When we talk about child development, we often focus on the usual superstars: The brain for processing information, arms and legs for moving, hands for grasping… We don’t talk as much about the feet, but we should! If you think about it, the fact that your little one’s feet eventually support her entire body during movements such as standing, walking, running, pivoting, and jumping is incredible.
So (cue drumroll), let’s dive right in and take a look at the all-important development of your little one’s feet.
How Does the Foot Develop?
At birth, the 52 bones in your baby’s feet (1/4 of all the bones in her entire body) are extremely soft. Bones strengthen under stress, so as she puts pressure on her feet the bones gradually harden. This process starts right away, when she does things like push her feet against your lap or her car seat, or presses the tops of her feet down during tummy time. It continues as she progresses to standing, cruising, walking, running, jumping, and climbing, but it will take about 18 years altogether for those bones to fully form.
Even though it will take into early adulthood for the bones in your child’s feet to fully harden, size-wise her feet grow a lot in the first year – up to half of their adult size!
If you’re worried about your baby having flat feet, rest assured that a layer of baby fat where the arch will eventually be is normal. Little ones simply don’t have the strength to support foot arches. After about two years of walking, foot arches will begin to form.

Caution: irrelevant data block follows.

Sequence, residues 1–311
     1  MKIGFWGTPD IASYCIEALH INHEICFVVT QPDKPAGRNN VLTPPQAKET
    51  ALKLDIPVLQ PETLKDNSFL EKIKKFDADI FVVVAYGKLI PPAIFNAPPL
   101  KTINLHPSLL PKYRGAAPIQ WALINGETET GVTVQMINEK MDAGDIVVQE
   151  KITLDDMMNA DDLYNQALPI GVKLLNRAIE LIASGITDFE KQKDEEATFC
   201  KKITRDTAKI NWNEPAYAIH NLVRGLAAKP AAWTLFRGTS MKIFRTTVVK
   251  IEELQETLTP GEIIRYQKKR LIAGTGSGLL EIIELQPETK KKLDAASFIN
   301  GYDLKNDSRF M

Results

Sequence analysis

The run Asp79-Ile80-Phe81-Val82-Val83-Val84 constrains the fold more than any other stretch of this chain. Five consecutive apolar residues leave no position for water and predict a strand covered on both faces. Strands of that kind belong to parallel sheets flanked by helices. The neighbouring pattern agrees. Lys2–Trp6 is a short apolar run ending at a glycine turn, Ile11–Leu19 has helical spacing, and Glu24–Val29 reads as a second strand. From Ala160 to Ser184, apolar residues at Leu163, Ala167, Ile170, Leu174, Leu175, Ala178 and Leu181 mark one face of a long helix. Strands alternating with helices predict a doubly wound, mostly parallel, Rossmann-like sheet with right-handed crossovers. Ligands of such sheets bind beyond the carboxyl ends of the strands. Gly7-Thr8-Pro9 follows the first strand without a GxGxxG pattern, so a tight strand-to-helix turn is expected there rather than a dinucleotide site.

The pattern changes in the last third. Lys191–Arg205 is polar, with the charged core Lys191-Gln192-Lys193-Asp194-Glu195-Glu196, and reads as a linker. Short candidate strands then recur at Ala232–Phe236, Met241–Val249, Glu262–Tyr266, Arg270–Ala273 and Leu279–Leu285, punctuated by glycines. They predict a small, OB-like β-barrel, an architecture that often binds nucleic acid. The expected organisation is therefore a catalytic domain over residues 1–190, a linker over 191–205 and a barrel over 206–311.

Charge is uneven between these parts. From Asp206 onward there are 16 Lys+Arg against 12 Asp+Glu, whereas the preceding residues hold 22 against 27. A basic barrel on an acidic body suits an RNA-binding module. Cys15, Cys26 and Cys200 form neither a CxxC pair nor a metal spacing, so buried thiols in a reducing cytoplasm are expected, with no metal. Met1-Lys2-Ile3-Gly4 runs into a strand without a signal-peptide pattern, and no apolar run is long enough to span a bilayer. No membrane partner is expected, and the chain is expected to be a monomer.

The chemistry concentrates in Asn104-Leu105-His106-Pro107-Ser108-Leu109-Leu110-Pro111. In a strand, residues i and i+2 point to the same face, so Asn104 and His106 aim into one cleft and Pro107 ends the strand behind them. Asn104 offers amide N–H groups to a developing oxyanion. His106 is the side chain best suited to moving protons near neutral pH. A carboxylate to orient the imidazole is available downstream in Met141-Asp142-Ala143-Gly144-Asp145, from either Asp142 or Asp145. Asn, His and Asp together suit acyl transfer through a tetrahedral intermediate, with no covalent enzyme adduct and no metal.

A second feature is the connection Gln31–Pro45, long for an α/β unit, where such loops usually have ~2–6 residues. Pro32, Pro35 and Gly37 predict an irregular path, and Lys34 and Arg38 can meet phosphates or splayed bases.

The Importance of Toes
The 14 bones in the toes are among the smallest in the human body. One role they play is helping us stabilize our bodies. Try balancing on one foot with your toes off the ground, then put your toes down. Easier, right? They also help us push off the ground when we walk, run, jump, etc.
Your child will eventually develop a dominant hand, and she’ll end up with a dominant foot, too. But foot dominance isn’t always established in toddlerhood. Some little ones may show a preference for one foot over the other, but according to Pediatric Occupational Therapist Natasha Bravo, “it’s actually good for toddlers to experiment with using both sides because it exercises all the tiny muscles in both feet. This helps ensure that when foot dominance emerges, the stabilizing foot is also strong.”
Just as hand-eye coordination allows your child to effectively guide her hand movements, foot-eye coordination allows her to successfully navigate different environments: Walking on uneven surfaces, understanding how high she needs to lift her foot to climb a stair, learning to predict what to do with her feet, etc. And, of course, foot-eye coordination also takes center stage when it comes to activities like kicking balls.
Good foot-eye coordination starts with supporting visual development, body awareness, and gross motor skills. Bravo recommends massaging your baby’s feet, exposing your toddler to different walking surfaces (such as stones, sand, grass, or gravel) and, in general, allowing plenty of time for your little one to freely move her body.
Lastly, we can’t write an article about foot development without saying how valuable it is to keep your child barefoot as much as possible. In fact, we wrote an entire article about the benefits of a barefoot childhood.